The point of ads is to get you interested in whatever is occupying that—ugh where is that X okay there it is—now, where was I? Ads, right. They're just after our attention. Thing is, they generally fail to do their job. So Google wants them to be better. Read More
Google Play Music. Spotify. Rdio. Tidal. There is no shortage of music streaming services that not only provide an extensive music selection, but also have good if not great Android applications so you can benefit from their catalogue everywhere you go.
The problem with most of these services is their availability. If you live in the USA, you can have your pick among any of them and there's little argument over the value of a $10 combined Google Play Music Unlimited and YouTube Red / Youtube Music subscription. But stray farther and things become less clear. American (Northern, Central, and Southern), European, and Southeast Asian countries are usually among the first supported by many services, but African, Middle Eastern, and plenty of other Asian nations often have limited options and even fewer good ones. Read More
Google wants to be the undisputed leader in live streaming video games. With the announcement of YouTube Gaming, Google declared its intention to do battle with Twitch over an industry that may eventually amass a mind-blowing number of viewers. Read More
To cord cutters, a trip to pluto.tv might feel a bit like going back in time. You have a list of channels and a TV guide. You don't pick what plays—you watch whatever is on. Read More
Do you love music enough to pay for a Spotify account? Did you also buy a set of Sonos speakers? Have you been upset that you haven't been able to use the former's Radio feature on the latter?
No, this isn't the introduction to an As Seen On TV product. But things in your life are still about to change for the better, and no, you don't have to act now. Well, okay, you technically have to make sure your software updates. Version 5.5 of the Sonos app adds support for Spotify Radio features such as starting a playlist based on a particular artist or track. Read More
You can now stream Showtime to your Android device for $11 a month. You don't need a cable subscription. All you need is a credit card, a compatible device, and the newly-released app.
For years now, customers who wanted to stream the likes of Showtime or HBO over the Internet have only had the option to do so if they paid for access in addition to an expensive cable plan. Fortunately 2015 has seen a shift. The option to pay $15 a month to get HBO Now without dealing with all that other tomfoolery launched on iOS in Spring before coming to Android this summer. During those hot months, Showtime announced it would let you do the same for $11―just not on Android yet. Read More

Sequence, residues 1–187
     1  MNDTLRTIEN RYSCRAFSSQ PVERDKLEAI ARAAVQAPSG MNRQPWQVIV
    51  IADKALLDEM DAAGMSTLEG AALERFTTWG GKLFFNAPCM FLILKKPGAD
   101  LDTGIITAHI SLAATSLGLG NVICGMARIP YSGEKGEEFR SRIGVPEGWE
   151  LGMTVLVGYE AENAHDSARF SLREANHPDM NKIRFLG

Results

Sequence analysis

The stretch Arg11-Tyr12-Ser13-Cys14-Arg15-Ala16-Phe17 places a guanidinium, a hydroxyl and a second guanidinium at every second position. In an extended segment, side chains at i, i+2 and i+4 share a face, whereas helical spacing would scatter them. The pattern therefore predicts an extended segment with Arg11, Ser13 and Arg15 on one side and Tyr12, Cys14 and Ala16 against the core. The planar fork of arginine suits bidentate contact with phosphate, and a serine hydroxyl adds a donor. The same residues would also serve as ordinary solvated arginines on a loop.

Companies generally hope to entice you to use their gadgets and networks to watch the likes of YouTube, Netflix, and Hulu. But Verizon Wireless isn't content to let you stream someone else's shows over its network using a phone it sold you. You should be watching its content. So to get you on board with the idea, it has released go90, a new video streaming app.
Go90, a reference to the way you rotate your phone when watching video, is an eclectic mix of TV shows and YouTube clips. Read More
NVIDIA finally announced launch details for GeForce NOW (formerly GRID) earlier today, but the company has still more news to share. It's expanding availability for the SHIELD hardware and adding new features to its already impressive repertoire. It's all kicking off tomorrow. Read More
Today is about more than new Nexus devices. Google has also announced a new plan option for Google Play All Access. Rather than paying for multiple individual accounts, family members can now share a single family subscription for $15 per month. We posted this rumor yesterday, and it's now confirmed. Read More
Sonos' brand name has become synonymous with expensive streaming speakers, and the company is still riding its success in making this vision of connected audio equipment mainstream. Its latest speaker is the PLAY:5, a six-driver unit with dedicated amplifiers, touch controls, and a pairing system that lets you assign two units as left and right channels for a stereo sound effect. The PLAY:5 also has an accelerometer on board that recognizes the position it's placed in (horizontal, vertical on its right side or left side), and adjusts the sound and tuning so it's perfect for this configuration.
There's no exact availability date on the PLAY:5, except "this year," but price should be set at $499 in the US and €579 in Europe. Read More